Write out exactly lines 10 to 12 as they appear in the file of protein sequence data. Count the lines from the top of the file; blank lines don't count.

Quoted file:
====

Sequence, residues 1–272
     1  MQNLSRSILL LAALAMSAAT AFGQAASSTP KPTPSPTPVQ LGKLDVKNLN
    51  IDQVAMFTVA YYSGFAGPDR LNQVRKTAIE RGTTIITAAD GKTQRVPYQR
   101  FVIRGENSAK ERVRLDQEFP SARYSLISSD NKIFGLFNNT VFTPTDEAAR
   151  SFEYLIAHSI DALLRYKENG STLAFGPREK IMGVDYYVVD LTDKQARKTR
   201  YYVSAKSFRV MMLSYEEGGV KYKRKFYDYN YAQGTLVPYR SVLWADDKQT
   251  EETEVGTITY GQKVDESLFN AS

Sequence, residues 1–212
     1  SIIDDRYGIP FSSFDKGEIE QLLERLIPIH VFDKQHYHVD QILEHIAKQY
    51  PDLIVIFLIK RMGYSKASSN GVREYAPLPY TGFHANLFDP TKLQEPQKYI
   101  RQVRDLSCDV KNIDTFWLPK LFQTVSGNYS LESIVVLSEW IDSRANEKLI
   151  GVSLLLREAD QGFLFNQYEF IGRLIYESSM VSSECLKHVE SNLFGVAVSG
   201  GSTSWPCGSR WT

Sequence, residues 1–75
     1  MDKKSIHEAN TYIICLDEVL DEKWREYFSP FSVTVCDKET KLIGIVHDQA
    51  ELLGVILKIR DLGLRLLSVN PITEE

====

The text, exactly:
    51  PDLIVIFLIK RMGYSKASSN GVREYAPLPY TGFHANLFDP TKLQEPQKYI
   101  RQVRDLSCDV KNIDTFWLPK LFQTVSGNYS LESIVVLSEW IDSRANEKLI
   151  GVSLLLREAD QGFLFNQYEF IGRLIYESSM VSSECLKHVE SNLFGVAVSG